For me, alcoholism was the hardest thing in the world to identify with or to even relate to when I was in my early recovery the first time around. Sure, I could identify myself as a drug addict because after all “I loved getting high” and well… it just sounded cooler than being an “alcoholic”. I was 19 years old and the last thing I wanted was to be one of them!
I listened patiently as the staff at the hospital’s treatment wing explained to me that “Alcohol was a drug and that if I drank it would take me back out.” I quietly listened as the NA folks came in and pointed out that “Alcohol was a drug and if I drank it would take me back where I came from.” “Blah…blah…blah…” So ultimately I began viewing myself as “An addict who chose not to drink” and this actually worked for me quite a while. In fact it worked for over a year. Of course…it most likely helped that I was totally separated from any exposure to alcohol for over a year in another facility! When I got out of that program I then attended 12-step meetings briefly before leaving to go to Bible College. I went to my parent’s church one Sunday, (Episcopal), and received communion. Not that I thought I had a problem with alcohol or anything… but I decided to dip my communion bread in the wine rather than sip it from the chalice. From the moment the bread went into my mouth, I shoved it into my cheek rather than swallowing it. I resumed my seat on the pew and for the next half hour, that bread stayed pressed into my cheek. I can still remember sucking on it and actually “feeling” the drops of wine as they went down my throat and the warmth in my chest. (No alcoholic behavior there, right?) You know, looking back on that moment in time, it causes me to have to say, “When you go to take Holy Communion and you suck the wine out of the Communion bread…you just might be an alcoholic!”
So I then headed off to Bible College in Dallas, TX where I figured I could be a “better person” and promptly ended up getting myself expelled from there by the end of the very first semester, in part due to the place I was hanging out….can you guess what establishment that might have been? You got it…the local bar! Of course I could rationalize it by saying, (and I said it), that, “I just felt like I related more to the people in there”. All the regulars in the bar knew where I went to school and referred to me as their local evangelist – although there really wasn’t much evangelizing going on one way or another! I was quite proud of myself because I indeed had not drunk any alcohol, although in all honesty I would have given my right arm to do it and get away with it. I was much like the boy referred to in the
Big Book of Alcoholics Anonymous who was described as, “whistling in the dark to keep up his spirits”. You know…when you relate more to the regulars in the bar, (the really drunk ones), than the folks in the outside world…you just might be an alcoholic!”
After my expulsion I returned home to Birmingham and moved in with my old best friend and within weeks following my 2 yr. sobriety date…I drank. Now leading up to this moment three basic emotions had begun to consume my life. Can you guess? Yup…restlessness, irritability and discontentment! I went to a place where I used to love to go think, and so now went to ponder the feelings I was having. It was atop a large rock that had about a 35ft. drop and was accessible to climb down the side of to the underbelly, (coincidentally, the under belly is where I used to get high.) So, as I pondered my feelings I decided to scale down to the underbelly because I figured I could “think better” there. Upon my decent I lost my footing and slid belly down across the rough terrain to the bottom. I was SO ANGRY upon ending my decent that a memory came flooding back into my head…. “The last time I was here I was getting high and I did this same thing! It doesn’t matter what I do, (clean or high), I always fall down this thing!!!” Yep…there you have it…my reason for going to get my first drink. I knew I couldn’t get “drugs” and I couldn’t get “vodka” because that would mean I had a problem. So…I got wine coolers. Indeed, within a few days I had an ENTIRE refrigerator shelf FULL of wine coolers…no food mind you…just wine coolers. “You know…when you get rid of your food and the only liquid you consume is wine coolers and you view THIS as “controlled drinking”…you just might be an alcoholic!”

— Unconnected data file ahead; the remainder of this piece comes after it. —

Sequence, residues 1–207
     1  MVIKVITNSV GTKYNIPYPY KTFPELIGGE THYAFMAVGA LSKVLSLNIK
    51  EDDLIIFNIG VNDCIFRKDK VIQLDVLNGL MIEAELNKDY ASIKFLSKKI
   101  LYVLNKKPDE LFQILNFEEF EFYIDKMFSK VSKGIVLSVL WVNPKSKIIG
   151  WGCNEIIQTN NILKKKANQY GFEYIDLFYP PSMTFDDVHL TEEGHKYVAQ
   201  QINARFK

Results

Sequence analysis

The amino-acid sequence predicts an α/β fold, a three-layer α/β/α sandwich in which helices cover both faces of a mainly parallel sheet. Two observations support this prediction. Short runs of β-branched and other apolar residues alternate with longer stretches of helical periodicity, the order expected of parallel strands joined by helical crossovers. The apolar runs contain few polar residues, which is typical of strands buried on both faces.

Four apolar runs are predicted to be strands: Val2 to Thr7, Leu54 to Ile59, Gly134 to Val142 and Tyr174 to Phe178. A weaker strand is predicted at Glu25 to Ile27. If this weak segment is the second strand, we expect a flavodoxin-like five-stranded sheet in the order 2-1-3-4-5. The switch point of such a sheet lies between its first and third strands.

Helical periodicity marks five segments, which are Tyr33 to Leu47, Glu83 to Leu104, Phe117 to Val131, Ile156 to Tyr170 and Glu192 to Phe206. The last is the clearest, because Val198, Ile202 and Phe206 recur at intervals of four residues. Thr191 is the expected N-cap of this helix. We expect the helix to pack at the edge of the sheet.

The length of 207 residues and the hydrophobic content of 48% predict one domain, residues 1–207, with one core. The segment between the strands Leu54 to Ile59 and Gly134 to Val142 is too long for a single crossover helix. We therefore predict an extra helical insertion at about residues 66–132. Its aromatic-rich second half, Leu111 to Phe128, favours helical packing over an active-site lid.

Of course everything they told me at the hospital and everything those 12-step folks had told me turned out to be absolutely true. It didn’t take to long for me to become bored and irritated with the minimal effect I was getting from the wine coolers or the LARGE amount I was having to consume to get drunk. Ultimately it led me back to where I came from and the bottom came much faster…only two months. Slowly the door of possibility began to creep open in my mind and I came to believe that…. “I” just might be an alcoholic! OH how I wanted it to not be true. I went back into treatment and expressed my confusion as to “How this could have happened to me.” I learned that I had a disease which did not differentiate between the chemicals I put in my body…liquid or otherwise and that if I wanted to have a life…a real life…I was going to have to acknowledge one very important thing to myself… “Rebecca, you are an alcoholic!” It’s been 25 years since that admission and I’m happy to say I’ve not had one moment of regret!
©2010-2014 Rebecca Balko